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Kansas Geological Survey, Open-File Rept. 96-1a
Proposed Management Areas--Page 16 of 16


Subdivision of the Kansas Dakota aquifer into reasonably distinct management areas is an effective way to address the water resources management of this complex aquifer system that underlies much of western and central Kansas. The hydrogeologic setting, including sources of recharge, discharge, ground-water flow paths, and water quality vary from one management area to another. As a result, the policies adopted by state and local planning agencies need to be tailored to the subregional hydrogeologic setting of each management area, including the response of the flow system to the effects of pumping over a specific period of time. We have chosen an arbitrary planning horizon of 20 yrs. Some of the boundaries between management areas are not well defined due to insufficient data and should be considered only an approximation based on the currently available data. The following is a brief summary of the six management areas defined for the Kansas Dakota aquifer.

Management Area I: The Dakota and High Plains aquifers are in hydraulic connection and behave as a single complex aquifer system. As a result, the policies developed for one of the aquifers will have an impact on the other. Ground water in the Dakota is generally fresh.

Management Area II: The Dakota aquifer is confined by the Upper Cretaceous aquitard near the edge of the outcrop/subcrop belt. Leakage moving across the aquitard may be as much as 10% of the lateral flow in the Dakota in some areas where the aquitard is thin and more permeable. Ground water in the Dakota is fresh. Wells located in this part of the aquifer are likely to induce additional recharge from the area of hydraulic connection with the overlying High Plains aquifer in Management Area I within the 20 yr planning period. The potential for inducing recharge from the High Plains aquifer in Management Area I strongly suggests that the Dakota aquifer in Management Areas I and II should be managed along with the High Plains aquifer as a single complex system.

Management Area III: The Dakota is a near-surface aquifer or is confined by thin erosional remnants of the Upper Cretaceous aquitard. The flux of water through the Dakota is highest in this management region because the flow patterns are controlled by local flow systems. Recharge rates are on the order tenths of an in/yr in the outcrop area and less where the aquifer is confined. Water quality is locally variable and may be saline in the lower parts of the confined aquifer. Poorer quality water is generally found near the discharge areas of these local systems. Ground-water withdrawals in the unconfined area generally have the effect of reducing discharge to streams and inducing flow from the confined aquifer.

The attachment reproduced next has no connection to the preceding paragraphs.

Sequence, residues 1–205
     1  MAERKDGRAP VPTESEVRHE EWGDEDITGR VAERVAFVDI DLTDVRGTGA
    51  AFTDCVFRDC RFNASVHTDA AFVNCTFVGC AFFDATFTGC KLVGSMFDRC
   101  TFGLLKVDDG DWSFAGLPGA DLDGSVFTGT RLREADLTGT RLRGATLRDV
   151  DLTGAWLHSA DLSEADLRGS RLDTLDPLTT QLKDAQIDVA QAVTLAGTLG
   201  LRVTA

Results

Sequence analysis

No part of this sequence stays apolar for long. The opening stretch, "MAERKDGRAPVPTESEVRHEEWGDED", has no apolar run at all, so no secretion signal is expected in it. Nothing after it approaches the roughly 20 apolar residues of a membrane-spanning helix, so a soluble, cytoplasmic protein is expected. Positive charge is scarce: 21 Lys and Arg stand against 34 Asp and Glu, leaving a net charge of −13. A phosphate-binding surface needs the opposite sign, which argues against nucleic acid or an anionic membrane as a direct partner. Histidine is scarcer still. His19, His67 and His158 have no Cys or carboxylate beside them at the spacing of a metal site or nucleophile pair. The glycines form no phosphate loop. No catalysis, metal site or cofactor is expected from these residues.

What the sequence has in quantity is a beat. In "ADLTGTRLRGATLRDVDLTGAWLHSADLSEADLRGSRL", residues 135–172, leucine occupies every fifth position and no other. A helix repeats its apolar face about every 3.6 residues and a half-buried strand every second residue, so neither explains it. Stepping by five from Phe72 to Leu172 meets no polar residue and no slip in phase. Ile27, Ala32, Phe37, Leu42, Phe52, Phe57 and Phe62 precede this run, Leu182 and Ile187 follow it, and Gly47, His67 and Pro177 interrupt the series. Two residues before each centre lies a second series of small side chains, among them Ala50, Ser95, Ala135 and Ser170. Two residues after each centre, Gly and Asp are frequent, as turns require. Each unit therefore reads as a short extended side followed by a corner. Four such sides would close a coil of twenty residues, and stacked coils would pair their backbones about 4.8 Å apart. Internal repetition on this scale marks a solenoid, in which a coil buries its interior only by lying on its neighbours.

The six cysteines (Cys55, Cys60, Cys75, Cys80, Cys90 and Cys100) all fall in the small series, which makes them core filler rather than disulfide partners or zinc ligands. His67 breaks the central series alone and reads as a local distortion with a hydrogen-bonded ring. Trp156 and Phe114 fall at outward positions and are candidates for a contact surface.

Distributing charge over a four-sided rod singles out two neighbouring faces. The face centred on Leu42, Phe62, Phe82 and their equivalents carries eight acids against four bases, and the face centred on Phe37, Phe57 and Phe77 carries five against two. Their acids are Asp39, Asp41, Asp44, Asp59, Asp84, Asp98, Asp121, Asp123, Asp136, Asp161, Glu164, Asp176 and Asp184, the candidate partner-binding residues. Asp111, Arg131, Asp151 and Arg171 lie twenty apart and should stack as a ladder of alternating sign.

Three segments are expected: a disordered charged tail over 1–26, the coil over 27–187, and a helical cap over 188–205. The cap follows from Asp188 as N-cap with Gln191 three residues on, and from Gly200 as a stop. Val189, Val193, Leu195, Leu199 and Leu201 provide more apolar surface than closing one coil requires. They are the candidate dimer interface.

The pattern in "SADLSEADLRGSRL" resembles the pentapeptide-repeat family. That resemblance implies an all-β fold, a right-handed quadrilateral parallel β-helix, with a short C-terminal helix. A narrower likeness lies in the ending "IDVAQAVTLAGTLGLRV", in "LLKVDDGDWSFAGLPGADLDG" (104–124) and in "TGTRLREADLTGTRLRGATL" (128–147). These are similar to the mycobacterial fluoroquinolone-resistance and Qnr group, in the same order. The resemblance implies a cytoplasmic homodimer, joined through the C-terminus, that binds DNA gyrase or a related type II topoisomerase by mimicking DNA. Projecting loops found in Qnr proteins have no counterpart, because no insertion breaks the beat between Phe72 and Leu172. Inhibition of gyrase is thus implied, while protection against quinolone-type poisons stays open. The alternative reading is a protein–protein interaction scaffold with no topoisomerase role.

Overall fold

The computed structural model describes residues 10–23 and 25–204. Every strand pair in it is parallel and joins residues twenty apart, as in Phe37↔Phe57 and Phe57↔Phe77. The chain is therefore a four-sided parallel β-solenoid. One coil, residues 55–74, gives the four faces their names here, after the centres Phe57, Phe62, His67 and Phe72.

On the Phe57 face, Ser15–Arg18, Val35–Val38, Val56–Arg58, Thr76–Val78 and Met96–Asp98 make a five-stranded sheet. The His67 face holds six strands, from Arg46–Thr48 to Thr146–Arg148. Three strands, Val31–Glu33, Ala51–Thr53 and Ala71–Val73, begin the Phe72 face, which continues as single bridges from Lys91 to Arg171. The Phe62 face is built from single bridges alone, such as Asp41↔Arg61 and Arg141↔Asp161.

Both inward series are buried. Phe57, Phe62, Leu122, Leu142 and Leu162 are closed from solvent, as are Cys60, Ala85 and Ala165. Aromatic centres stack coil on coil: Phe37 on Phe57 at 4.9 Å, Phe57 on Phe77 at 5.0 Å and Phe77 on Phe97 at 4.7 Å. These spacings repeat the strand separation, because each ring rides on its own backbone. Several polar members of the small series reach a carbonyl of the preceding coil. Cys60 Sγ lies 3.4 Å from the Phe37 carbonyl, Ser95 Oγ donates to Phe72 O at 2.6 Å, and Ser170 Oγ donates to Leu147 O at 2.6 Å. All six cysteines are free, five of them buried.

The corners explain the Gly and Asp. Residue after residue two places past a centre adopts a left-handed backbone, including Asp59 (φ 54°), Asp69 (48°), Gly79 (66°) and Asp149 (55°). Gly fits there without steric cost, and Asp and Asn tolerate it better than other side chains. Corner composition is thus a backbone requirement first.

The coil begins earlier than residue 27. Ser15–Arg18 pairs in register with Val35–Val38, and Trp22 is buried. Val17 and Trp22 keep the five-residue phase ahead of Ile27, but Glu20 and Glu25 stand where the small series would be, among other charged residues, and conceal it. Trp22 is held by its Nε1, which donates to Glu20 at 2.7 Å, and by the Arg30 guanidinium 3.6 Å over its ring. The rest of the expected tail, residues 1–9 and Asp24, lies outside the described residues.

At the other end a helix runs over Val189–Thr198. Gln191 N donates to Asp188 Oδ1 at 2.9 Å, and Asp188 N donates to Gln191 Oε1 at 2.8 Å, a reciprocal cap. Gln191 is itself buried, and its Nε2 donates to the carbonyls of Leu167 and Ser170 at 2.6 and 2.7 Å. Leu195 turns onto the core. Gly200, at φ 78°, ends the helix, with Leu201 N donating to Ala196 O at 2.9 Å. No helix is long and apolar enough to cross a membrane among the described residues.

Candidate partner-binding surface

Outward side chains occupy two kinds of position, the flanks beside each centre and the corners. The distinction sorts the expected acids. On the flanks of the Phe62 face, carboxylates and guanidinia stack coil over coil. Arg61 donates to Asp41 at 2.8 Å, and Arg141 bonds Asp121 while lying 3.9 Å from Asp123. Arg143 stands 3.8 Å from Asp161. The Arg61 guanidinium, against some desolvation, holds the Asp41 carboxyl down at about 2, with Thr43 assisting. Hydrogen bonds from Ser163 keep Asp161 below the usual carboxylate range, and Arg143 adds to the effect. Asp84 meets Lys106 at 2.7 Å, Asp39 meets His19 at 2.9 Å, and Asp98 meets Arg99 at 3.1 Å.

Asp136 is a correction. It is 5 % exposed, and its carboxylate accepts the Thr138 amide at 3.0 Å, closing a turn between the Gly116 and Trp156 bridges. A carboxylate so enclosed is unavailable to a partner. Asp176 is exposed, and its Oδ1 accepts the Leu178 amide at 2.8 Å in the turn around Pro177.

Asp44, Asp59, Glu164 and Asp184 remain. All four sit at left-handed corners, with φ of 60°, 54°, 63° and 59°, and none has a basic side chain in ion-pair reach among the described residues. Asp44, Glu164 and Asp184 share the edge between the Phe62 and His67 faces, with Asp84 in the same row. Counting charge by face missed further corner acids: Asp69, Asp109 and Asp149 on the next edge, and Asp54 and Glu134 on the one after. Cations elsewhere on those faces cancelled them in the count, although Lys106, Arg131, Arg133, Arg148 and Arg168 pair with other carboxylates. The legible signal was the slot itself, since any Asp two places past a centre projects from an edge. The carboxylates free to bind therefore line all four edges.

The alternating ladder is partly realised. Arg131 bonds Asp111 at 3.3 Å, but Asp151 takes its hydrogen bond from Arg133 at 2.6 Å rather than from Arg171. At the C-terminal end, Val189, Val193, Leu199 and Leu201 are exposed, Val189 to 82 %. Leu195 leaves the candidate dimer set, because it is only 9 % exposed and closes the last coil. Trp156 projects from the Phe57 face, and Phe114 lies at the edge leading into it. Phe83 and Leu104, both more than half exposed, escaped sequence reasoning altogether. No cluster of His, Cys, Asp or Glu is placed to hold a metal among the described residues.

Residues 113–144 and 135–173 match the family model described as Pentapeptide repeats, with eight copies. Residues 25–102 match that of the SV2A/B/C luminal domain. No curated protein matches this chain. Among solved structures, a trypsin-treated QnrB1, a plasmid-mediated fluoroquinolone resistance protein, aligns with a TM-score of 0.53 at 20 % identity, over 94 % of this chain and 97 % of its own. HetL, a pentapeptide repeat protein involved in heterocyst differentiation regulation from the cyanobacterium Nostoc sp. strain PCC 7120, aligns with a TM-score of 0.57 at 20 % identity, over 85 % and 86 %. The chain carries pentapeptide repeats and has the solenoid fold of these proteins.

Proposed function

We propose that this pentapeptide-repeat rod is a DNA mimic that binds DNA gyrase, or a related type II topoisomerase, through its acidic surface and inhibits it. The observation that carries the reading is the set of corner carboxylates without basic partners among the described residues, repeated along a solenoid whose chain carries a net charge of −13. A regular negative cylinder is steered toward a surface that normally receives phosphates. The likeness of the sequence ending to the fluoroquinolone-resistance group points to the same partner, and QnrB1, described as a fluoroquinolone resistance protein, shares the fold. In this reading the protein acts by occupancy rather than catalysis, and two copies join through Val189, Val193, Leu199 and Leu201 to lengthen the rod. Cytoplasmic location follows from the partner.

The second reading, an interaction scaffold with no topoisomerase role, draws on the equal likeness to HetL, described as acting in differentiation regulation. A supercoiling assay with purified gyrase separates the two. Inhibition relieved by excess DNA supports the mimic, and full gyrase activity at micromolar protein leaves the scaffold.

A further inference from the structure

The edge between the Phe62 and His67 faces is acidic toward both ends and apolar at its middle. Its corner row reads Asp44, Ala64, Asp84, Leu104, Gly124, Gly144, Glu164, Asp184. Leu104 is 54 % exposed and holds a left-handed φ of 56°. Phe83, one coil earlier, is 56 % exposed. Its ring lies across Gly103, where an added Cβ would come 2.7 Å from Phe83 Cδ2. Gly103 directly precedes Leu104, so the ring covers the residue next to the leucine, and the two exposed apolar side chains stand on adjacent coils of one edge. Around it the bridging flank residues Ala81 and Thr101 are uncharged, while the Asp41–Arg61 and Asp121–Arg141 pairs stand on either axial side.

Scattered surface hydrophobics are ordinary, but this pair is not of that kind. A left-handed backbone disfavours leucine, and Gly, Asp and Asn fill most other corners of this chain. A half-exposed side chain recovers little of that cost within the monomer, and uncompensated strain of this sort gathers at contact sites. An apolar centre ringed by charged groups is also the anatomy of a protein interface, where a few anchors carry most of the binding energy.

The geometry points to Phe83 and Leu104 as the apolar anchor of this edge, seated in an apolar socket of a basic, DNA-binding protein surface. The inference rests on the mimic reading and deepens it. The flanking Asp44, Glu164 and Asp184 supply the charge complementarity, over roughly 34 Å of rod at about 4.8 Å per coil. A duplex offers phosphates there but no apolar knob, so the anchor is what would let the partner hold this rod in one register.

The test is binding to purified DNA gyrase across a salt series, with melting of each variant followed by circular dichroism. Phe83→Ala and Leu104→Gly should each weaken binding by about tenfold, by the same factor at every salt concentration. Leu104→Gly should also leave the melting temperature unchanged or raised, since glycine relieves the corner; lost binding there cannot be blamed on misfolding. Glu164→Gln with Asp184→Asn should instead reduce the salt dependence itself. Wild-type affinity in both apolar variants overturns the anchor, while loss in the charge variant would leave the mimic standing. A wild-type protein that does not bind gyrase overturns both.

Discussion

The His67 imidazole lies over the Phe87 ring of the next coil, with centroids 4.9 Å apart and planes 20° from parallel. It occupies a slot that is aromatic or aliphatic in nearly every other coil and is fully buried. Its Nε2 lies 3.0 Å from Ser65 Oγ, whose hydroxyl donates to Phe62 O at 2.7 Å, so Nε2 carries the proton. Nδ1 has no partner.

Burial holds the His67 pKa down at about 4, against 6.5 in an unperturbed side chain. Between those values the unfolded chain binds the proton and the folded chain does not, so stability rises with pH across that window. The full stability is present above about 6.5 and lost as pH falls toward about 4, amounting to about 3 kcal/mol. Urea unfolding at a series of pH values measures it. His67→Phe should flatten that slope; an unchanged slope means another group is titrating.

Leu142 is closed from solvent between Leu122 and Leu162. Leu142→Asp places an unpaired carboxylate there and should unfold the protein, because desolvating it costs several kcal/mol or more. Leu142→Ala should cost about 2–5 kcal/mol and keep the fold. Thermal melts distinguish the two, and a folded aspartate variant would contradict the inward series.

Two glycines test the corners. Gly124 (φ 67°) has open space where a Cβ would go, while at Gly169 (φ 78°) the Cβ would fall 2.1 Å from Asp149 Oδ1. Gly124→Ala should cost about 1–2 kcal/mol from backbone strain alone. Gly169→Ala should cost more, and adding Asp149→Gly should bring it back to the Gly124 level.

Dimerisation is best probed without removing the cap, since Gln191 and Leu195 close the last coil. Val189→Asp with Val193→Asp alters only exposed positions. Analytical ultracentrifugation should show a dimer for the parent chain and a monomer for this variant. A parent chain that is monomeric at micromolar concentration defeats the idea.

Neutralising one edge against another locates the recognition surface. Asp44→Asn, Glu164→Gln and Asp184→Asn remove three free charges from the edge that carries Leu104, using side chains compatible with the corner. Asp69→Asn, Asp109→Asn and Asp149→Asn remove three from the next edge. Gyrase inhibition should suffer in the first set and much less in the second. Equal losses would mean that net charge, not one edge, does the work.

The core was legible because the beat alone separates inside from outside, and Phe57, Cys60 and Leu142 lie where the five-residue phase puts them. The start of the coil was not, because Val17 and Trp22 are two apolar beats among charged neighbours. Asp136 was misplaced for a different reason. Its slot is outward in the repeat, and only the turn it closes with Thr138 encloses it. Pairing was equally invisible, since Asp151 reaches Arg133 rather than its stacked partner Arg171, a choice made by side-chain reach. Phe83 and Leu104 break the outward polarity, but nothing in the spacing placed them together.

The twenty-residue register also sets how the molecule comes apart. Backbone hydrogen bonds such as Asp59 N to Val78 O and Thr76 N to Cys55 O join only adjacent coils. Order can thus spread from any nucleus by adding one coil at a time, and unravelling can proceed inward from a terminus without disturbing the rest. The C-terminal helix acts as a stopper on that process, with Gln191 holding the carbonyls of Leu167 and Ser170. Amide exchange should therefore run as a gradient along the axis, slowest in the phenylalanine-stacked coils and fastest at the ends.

Management Area IV: The Dakota is confined by the Upper Cretaceous aquitard. Recharge from overlying sources may account for as much as a few percent of the lateral flow in the aquifer. This management area is located near the regional and local discharge areas of the Dakota and the regional discharge area of the underlying Cedar Hills Sandstone aquifer. Saltwater intrusion in the upper part of the Dakota aquifer is widespread. Pumping may diminish freshwater discharge from the Dakota or induce additional saltwater intrusion from underlying sources if the rates of withdrawal and spacing between pumping centers are not carefully regulated.

Management Area V: The Dakota is confined by the Upper Cretaceous aquitard and receives nearly negligible recharge from overlying sources in this management area. In part of this area the water quality is acceptable for most uses and elsewhere the water quality is marginally usable. Wells located in this part of the aquifer remove water entirely from storage and are unlikely to generate capture during the 20 yr planning period.

Management Area VI: Defined as the unusable portion of the aquifer because the ground-water total dissolved solids exceed 10,000 mg/L.

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Kansas Geological Survey, Dakota Aquifer Program
Original report available from the Kansas Geological Survey.
Electronic version placed online July 1996
Scientific comments to P. Allen Macfarlane
Web comments to webadmin@kgs.ku.edu